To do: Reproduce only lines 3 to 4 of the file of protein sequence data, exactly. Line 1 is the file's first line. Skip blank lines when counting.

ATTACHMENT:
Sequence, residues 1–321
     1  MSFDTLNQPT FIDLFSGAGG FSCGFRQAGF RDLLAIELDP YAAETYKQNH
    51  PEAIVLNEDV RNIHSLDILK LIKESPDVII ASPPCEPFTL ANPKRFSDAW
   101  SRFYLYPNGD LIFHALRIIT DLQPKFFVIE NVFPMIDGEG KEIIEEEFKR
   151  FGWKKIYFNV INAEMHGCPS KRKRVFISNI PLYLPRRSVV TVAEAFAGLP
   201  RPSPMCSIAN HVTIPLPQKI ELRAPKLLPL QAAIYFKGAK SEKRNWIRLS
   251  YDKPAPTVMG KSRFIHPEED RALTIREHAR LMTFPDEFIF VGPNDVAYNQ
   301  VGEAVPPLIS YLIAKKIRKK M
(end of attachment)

    51  PEAIVLNEDV RNIHSLDILK LIKESPDVII ASPPCEPFTL ANPKRFSDAW
   101  SRFYLYPNGD LIFHALRIIT DLQPKFFVIE NVFPMIDGEG KEIIEEEFKR